Statement of Philosophy

A site for exploration and discussion about verse, poetics, the aesthetic, and creative writing in general.

Because there is a profound difference between writing something to be read and writing something worth reading; and in that difference might beauty be found.

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Monday, November 10, 2014

"Journey of the Magi" by T.S. Eliot

poem can be found here


line construction, and sham or genuine poetics

– minor editing, Jan. 20, 2015
This post has been added to the Hatter's Cabinet site via its Best of the Poetry Daily Critique page

Perhaps it is not as often the case as once might have been, with pop-poetry being so inundated with bad free verse, if not defined by bad free verse, that the question of enjambement is one of the first, major, creative explorations in poetics for novices. Though, in truth, that statement does not fit my own experience with younger explorers of poetry. That experience points to that the natural tendency is to write in defined lines and explore through defined lines, even if not formal lines, and enjambement is a complexity added much later to that base idea. But then again, looking at poetry posting sites online, that individual experience may not be telling of the statistical norm. Irrespective, I know I am not the first person to say that free styling culture of poetry of the last half century has had a detrimental effect on the ability to read and hear poetic structure.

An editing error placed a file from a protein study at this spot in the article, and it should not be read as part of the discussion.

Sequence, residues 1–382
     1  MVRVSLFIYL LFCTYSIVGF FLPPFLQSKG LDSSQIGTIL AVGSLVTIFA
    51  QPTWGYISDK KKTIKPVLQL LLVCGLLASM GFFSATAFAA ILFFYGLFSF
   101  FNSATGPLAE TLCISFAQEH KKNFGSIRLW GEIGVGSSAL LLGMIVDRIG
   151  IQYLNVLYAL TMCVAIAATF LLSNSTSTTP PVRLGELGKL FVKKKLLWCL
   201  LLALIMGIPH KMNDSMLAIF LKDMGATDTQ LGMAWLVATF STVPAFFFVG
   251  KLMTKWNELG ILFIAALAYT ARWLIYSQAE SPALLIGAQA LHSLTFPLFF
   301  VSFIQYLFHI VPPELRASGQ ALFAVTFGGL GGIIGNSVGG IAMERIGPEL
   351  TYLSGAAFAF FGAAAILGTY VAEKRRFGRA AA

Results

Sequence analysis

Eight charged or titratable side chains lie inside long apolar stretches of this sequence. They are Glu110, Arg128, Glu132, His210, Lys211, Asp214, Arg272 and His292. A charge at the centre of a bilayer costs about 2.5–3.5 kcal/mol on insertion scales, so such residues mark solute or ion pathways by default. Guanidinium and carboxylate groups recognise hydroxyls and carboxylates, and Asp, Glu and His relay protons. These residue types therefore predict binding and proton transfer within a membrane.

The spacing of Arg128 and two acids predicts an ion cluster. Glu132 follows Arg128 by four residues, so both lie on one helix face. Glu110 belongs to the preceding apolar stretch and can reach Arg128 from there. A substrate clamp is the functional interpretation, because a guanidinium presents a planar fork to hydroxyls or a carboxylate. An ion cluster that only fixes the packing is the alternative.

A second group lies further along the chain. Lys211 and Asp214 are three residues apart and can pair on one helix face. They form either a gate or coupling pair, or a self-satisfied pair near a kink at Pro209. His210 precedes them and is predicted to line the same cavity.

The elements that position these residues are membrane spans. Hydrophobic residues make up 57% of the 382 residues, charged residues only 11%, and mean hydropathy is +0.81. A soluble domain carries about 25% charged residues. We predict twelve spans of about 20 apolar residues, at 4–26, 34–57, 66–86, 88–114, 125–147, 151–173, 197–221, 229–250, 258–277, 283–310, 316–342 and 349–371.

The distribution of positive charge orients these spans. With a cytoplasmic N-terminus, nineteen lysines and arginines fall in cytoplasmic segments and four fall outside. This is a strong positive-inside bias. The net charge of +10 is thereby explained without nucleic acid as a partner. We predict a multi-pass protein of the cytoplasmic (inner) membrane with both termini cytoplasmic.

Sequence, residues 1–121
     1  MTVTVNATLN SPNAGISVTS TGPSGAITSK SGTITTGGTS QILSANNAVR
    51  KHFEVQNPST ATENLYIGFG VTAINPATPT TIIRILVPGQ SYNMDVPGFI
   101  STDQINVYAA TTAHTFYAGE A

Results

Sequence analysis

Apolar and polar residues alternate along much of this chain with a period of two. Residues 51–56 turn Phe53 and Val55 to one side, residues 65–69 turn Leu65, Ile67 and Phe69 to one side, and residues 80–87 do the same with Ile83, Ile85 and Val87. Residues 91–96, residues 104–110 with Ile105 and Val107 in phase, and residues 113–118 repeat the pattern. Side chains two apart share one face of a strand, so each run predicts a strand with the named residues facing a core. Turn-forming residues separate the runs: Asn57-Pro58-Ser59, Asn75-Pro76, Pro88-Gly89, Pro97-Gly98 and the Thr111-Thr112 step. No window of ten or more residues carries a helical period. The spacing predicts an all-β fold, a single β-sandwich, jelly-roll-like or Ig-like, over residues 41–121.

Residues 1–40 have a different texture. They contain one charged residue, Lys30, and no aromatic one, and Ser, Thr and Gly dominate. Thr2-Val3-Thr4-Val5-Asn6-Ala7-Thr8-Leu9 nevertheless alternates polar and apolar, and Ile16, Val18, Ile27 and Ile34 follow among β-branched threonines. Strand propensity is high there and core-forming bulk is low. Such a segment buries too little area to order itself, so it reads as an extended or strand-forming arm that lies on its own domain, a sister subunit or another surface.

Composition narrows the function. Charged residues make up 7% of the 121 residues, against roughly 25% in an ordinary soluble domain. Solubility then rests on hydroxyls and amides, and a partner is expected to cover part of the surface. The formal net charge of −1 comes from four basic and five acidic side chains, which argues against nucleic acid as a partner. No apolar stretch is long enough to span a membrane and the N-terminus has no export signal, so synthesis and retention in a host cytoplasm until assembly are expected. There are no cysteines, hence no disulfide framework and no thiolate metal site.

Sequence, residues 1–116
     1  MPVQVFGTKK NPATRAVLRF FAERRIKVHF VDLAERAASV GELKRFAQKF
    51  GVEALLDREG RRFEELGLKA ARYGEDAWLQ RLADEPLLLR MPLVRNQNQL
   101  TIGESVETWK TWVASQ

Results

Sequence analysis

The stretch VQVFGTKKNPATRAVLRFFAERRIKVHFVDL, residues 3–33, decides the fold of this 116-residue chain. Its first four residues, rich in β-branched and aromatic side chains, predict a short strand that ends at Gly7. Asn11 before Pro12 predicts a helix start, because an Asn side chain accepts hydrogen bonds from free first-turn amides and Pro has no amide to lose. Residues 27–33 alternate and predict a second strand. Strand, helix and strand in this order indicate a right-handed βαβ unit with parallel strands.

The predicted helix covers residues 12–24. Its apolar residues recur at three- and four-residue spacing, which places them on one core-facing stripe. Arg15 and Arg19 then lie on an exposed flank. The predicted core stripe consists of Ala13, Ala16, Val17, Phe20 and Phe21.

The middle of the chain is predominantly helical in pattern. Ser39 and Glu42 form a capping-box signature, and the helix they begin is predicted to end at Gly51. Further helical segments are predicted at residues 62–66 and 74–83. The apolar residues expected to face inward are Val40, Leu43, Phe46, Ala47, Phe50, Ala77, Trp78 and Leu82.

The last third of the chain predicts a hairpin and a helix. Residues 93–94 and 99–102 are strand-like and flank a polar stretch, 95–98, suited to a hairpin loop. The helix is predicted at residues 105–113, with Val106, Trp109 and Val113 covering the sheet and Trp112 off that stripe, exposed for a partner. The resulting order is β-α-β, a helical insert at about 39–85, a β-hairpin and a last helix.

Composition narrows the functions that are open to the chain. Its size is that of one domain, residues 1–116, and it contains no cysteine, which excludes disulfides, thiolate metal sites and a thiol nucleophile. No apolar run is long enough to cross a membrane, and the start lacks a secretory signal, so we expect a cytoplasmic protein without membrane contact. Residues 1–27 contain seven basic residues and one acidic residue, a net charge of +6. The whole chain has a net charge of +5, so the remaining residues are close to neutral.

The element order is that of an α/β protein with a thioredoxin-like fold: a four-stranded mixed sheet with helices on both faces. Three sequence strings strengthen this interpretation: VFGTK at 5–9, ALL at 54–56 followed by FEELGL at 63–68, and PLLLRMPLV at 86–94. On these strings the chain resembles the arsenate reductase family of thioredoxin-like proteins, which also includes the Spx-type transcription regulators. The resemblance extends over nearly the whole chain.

You would have to work to convince me that even a substantial minority of pop-poets have any real, organic idea of the line, or write their poetry through any such idea. There is far too much bad prose with line breaks being published in books and chapbooks and mags. This goes for formal poets as well, who to most appearances defer the considerations of writing lines (couplets, stanzas) to the mechanical procedure of rhythms and rhymes.

In my own introductions to writing poetry the idea of enjambement was something counter – contrapuntal – to the beginning want to write lines; it was an idea that was at the start not wholly trusted, something that had to be explored, justified, before being implemented. It was (for me) introduced through what I am sure are familiar phrases: a means to have the flow of the poem cross lines; a means to create importance or energy by varying from a norm within a poem of end-stopped lines. Given such justifications, my fellow, novice writers would merrily introduce enjambement into their writing – or increase its frequency if already present. They would then learn how to defend the use of the running lines through the same or similar phrasings: "It creates a more natural flow" or "It creates an interesting moment in its variation." And you will hear the same and similar justifications by poets higher up the learning curve, even for poetry that exhibits a dearth of end stopped lines. Lest I forget, there is also that most important one: "that is how contemporary poetry is written."